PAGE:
Working from Home – Don’t Micromanage

As a boss working remotely, many, if not all of your employees, are working from home.

Do you let them get on with the work and touch base at pre-determined times or do you keep sending emails and making calls to check progress.

If it’s the latter you might be a micromanager…. Or if you are a frustrated worker trying to make a deadline with a boss who keeps checking in – you might have a micromanager on your hands.

Tell-tale signs of micromanagement

In general micromanagers:

  • Resist delegating
  • Immerse themselves in overseeing the work of others
  • Correct tiny details instead of looking at the big picture
  • Take back delegated work before it is finished if they see mistakes
  • Discourage employees from making decisions without consulting them

A truly effective manager sets up those around him to succeed. Micromanagers, on the other hand prevent employees from making and taking responsibility for their decisions.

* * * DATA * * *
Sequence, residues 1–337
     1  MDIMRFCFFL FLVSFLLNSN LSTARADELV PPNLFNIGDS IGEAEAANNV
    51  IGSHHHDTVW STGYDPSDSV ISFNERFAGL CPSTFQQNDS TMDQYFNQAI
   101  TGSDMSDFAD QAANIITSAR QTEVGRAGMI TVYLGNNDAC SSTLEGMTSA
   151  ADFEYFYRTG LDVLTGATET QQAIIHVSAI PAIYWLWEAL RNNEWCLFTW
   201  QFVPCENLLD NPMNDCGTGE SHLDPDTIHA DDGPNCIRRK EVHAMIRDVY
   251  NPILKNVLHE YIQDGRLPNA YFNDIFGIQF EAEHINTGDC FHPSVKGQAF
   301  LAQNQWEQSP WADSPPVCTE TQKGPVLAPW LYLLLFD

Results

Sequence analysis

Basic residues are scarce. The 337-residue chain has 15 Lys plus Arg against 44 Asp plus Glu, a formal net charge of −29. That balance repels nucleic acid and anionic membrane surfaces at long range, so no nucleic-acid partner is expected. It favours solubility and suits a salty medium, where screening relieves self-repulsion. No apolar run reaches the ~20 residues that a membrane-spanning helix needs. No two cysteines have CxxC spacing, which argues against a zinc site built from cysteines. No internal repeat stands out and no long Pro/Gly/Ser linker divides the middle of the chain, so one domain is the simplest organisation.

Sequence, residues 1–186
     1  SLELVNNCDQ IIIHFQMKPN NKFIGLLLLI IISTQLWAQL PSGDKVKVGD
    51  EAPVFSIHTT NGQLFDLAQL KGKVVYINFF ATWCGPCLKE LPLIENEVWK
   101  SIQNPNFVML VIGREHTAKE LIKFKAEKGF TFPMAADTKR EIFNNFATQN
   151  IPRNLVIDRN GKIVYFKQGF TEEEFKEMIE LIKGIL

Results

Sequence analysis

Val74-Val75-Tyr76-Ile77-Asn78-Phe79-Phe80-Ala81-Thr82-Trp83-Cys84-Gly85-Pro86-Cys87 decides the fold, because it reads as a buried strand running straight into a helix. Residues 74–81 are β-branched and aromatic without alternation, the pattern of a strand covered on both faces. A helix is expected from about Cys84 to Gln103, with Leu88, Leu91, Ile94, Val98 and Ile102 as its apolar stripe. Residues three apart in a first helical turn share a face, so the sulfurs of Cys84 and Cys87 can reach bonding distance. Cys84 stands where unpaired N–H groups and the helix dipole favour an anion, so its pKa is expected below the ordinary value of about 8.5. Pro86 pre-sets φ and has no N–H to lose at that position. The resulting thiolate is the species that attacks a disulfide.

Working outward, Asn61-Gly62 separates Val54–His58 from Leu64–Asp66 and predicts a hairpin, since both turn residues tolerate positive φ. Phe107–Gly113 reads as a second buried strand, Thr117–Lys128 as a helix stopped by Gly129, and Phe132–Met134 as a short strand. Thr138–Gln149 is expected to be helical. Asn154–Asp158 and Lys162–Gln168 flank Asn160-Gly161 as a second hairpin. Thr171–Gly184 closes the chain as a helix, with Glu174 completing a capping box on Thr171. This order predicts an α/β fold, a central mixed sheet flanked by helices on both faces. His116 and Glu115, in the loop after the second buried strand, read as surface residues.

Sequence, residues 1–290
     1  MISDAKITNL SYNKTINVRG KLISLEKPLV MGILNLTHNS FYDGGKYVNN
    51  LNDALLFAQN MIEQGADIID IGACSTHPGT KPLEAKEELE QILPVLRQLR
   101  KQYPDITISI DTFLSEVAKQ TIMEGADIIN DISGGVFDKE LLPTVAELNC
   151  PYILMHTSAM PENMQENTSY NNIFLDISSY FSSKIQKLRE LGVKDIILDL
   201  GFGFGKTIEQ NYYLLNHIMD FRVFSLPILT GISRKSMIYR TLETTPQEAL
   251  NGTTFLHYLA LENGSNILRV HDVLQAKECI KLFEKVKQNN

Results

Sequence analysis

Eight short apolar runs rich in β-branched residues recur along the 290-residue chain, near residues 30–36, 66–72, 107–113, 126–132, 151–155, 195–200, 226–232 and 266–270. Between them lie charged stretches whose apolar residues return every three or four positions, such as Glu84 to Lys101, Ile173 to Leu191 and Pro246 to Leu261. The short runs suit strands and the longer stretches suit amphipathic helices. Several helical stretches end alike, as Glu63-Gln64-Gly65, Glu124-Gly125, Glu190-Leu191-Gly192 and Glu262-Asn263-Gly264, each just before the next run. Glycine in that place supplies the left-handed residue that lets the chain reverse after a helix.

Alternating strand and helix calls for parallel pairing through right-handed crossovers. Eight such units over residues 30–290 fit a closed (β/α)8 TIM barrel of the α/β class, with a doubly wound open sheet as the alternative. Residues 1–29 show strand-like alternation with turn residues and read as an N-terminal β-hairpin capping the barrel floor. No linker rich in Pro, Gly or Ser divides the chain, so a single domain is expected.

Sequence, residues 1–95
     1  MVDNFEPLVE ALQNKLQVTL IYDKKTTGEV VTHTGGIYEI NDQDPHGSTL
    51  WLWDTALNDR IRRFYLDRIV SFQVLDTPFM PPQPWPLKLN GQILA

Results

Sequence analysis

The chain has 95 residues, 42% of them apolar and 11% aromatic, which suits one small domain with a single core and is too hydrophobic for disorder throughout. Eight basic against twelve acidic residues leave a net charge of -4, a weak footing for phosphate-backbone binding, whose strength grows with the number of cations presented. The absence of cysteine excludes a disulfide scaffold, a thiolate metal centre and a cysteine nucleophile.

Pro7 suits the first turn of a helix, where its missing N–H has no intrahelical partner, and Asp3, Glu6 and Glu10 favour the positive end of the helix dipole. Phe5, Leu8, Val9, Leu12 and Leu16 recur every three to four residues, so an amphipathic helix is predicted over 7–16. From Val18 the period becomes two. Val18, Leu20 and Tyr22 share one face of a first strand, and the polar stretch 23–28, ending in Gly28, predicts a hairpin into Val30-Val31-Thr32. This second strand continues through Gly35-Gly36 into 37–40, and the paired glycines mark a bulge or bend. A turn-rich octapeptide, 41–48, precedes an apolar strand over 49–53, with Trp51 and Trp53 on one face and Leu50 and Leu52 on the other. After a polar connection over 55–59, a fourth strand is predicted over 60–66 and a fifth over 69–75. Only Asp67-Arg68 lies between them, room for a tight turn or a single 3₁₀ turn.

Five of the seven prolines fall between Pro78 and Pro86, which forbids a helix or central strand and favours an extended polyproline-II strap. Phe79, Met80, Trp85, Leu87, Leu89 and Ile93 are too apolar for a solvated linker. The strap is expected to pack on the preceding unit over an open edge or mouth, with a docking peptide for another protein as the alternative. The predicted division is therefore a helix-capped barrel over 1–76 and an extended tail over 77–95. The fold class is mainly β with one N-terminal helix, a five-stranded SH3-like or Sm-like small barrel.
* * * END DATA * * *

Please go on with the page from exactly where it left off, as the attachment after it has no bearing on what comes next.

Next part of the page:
Good managers empower their employees by giving them opportunities to learn and grow on the job. Bad managers reduce opportunities resulting in disempowered employees. And as any boss will attest …a disempowered employee is an ineffective one, requiring a lot of time and effort from supervisors and managers.

The best way to build healthy relationships with employees is to take the most direct approach – Talk to them

Having individual conversations allows you to affirm good behaviours; deal with concerns both personal and commercial.

By all means use technology to communicate but do not overlook the power of conversation.

An important part of being a good manager is the ability to listen – a skill often lost on the micromanager. Engage your employees by listening to them.


If your boss is a micromanager try the following:

  • Help your boss delegate to you by prompting him to give you all you need up front.
  • Ask for work you’re confident you will be good at.
  • Communicate progress at regular intervals – agreed in advance if possible
  • Highlight challenges and contribute to solutions


Paul Doyle